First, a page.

A: There are no universal cause and effect relationships between building affordable housing and property values and crime; rather, whether affordable housing affects these outcomes, if at all, depends on current conditions in the community and plans for design and management, such as the quality and quantity of the existing and proposed housing. President Trump’s claim notably leaves out the possibility that affordable housing might actually increase property values and decrease crime. For instance, neighborhood property values may increase if the design standards of the proposed housing exceed current standards in the community.

President Trump’s claim doesn’t address these nuances, because it isn’t really about property values or crime; rather, he’s using racial “code words” to indirectly tell suburban homeowners that they no longer have to worry about people of color coming into their communities. This is ironic, given that most people of color, and low-income people, are already suburbanites. There is a long history in the U.S. of using code words associated with property values and crime to refer to people of color, particularly in response to actions that may increase racial integration. The association between people of color and the code word “property devaluation” traces to the Home Owners Loan Corporation and the Federal Housing Administration in the 1930s to 1950s. These institutions infamously refused to insure mortgages used to purchase homes in racially diverse neighborhoods, arguing that the presence of people of color devalued homes in these communities. 

Q: With this repeal, what are our neighborhoods and our neighbors at risk of missing out on?

A: We risk failing to build critical social skills that young people will need to thrive in our soon-to-be “majority minority” nation. One example is cultural competency, or the ability to distinguish and engage with others’ cultural values and practices, e.g., ways of communicating or making decisions. We acquire this and other critical social skills from learning to live, work and play in socially diverse environments. We also risk peace and security. Social strife, like the current Black Lives Matter protest movement, will and should continue as long as local policies sort people of color into inferior neighborhoods. 

Q: With those elements listed in your answer to the previous question in mind, what can communities and local governments do to continue to offer those benefits that were created by AFFH?

A: We need to advocate for changes to state laws that limit the tools localities can use to address neighborhood segregation. Inclusionary housing, which enables local governments to require developers to build economically diverse housing, is an example of a tool that is banned in Arizona that is widely used to increase housing affordability and racial and economic integration. We also need to build our civic infrastructure and political will for dismantling racial and economic segregation in our communities by identifying and engaging diverse actors with relevant expertise, such as affordable and fair housing groups, members of the real estate industry, and leaders of local homeowners’ associations (HOAs) and communities of color. We should formalize and support their engagement through structures like task forces and dedicated funding streams.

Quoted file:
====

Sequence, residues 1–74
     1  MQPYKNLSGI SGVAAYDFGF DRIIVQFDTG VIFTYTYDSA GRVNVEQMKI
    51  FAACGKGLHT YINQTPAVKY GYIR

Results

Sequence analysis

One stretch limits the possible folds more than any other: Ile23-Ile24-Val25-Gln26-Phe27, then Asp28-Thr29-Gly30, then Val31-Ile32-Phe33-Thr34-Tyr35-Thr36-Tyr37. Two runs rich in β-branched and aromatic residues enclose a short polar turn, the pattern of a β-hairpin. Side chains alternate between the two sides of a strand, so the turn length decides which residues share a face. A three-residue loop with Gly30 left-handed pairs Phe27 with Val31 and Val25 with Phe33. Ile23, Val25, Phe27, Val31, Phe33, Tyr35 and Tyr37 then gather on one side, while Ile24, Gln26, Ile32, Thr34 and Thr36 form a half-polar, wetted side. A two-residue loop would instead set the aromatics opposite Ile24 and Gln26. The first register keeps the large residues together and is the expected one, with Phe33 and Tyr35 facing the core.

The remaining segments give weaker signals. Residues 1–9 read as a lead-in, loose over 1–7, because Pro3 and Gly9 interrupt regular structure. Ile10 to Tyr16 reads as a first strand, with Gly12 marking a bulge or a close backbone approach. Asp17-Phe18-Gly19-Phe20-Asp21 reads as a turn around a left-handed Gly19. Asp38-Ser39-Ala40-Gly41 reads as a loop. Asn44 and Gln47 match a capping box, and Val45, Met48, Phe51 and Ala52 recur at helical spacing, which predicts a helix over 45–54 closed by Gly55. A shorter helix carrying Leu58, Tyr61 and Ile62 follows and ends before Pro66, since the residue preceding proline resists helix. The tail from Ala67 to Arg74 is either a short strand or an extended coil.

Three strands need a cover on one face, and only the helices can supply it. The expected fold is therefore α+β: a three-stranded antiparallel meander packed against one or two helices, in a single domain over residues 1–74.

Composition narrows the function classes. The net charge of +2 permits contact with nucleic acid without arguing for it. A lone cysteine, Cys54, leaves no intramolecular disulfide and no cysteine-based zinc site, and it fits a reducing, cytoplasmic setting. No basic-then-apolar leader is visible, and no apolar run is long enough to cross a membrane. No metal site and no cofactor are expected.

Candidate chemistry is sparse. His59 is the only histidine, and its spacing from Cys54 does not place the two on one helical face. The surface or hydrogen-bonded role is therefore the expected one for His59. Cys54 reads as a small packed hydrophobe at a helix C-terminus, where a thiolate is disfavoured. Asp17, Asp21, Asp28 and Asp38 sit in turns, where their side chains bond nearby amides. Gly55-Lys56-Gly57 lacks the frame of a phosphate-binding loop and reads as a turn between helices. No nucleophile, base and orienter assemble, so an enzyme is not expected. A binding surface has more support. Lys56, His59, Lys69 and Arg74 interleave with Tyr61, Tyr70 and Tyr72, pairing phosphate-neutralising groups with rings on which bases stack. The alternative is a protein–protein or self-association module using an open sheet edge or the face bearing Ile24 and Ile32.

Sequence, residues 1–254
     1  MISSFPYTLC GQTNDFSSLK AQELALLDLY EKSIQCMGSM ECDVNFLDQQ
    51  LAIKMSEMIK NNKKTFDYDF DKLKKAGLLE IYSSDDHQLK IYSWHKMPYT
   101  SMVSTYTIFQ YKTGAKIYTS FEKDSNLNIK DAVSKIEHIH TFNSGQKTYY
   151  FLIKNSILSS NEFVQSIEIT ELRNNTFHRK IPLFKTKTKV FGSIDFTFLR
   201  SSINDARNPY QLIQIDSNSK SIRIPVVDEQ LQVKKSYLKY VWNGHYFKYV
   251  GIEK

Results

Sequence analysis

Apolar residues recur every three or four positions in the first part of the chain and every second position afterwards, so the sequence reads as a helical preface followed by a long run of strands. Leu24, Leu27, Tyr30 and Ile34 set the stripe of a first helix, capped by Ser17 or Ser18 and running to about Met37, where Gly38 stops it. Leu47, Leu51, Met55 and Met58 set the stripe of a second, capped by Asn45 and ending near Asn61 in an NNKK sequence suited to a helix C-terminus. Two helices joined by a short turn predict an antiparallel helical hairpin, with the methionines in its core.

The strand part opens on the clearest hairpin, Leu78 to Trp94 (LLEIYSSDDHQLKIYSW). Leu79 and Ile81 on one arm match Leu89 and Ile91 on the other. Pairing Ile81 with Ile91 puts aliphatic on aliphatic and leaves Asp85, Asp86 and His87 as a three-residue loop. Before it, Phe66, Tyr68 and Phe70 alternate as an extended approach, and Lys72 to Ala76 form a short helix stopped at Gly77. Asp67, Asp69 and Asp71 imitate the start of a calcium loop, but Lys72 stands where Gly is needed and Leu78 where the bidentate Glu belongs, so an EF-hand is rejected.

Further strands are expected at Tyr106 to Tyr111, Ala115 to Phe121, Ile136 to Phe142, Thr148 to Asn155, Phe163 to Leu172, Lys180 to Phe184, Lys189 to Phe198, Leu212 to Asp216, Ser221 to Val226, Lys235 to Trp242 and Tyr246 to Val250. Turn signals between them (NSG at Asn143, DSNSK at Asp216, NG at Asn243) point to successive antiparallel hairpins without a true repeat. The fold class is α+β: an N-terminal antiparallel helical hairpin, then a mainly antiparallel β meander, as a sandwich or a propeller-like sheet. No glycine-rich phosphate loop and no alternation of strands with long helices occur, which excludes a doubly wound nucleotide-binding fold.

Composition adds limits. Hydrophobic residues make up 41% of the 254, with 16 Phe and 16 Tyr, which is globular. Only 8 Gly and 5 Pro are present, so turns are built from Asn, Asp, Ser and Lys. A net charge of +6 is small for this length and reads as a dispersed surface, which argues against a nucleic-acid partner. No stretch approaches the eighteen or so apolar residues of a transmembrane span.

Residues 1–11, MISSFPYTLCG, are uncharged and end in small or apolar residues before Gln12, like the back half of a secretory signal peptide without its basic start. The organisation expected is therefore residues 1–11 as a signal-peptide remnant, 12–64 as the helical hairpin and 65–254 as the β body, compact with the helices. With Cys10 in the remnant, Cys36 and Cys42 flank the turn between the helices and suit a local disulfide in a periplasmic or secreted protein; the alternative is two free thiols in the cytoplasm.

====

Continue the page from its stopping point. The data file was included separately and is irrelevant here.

Q: Anything else you would like to add?

A: Folks wanting to learn more about fair housing issues are highly encouraged to connect with the Southwest Fair Housing Council, which has advocated for equal opportunity in access to housing in Arizona since 1986.

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Stimulating the deep brain

August 13, 2020

Electrodes inserted into an area of the brain that plays a critical role in movement can alleviate Parkinson's symptoms

Parkinson’s disease is a neurodegenerative disorder that affects a specific area of the brain — the substantia nigra. It can result in tremors, a slowness of movement known as bradykinesia, uncontrollable muscle contractions known as dystonia, and difficulty with walking and balance.

Deep brain stimulation, or DBS, is a surgical procedure that’s been used to treat Parkinson’s for more than 20 years. Using magnetic resonance imaging, DBS electrodes are inserted into an area of the brain that plays a critical role in movement — either the subthalamic nucleus or the globus pallidus. A small impulse generator, similar to a pacemaker, is also implanted under the skin of the patient’s chest to provide electrical impulses to the electrodes in the brain. The electrical impulses reduce the patient’s symptoms and improves their ability to move.

Video by Deanna Dent/Media Relations and Strategic Communications

Arizona State University neuroscientist Bradley Greger has teamed up with Barrow Neurological Institute neurosurgeon Dr. Francisco Ponce to evaluate DBS for its possible use in treating other neurological disorders.

For the study, while the DBS electrodes are being implanted, a second, temporary implant is added to identify what’s happening in the brain during DBS treatment. Directly measuring the effect of DBS on brain activity will aid in extending the use of DBS in other neurological disorders.

Barrow Neurological patient Kimball Rogers and his family agreed to be part of the research. They are sharing their experiences to provide other Parkinson’s patients with information about the value of the procedure and the research.

Top photo: ASU Associate Professor Bradley Greger poses for a portrait in the operating room of St. Joseph's Hospital and Medical Center on Aug. 8, 2018, in Phoenix. Greger's research and work focuses on neuroscience, bioengineering and data analysis. Photo courtesy of Gary L. Armstrong/St. Joseph Hospital and Medical Center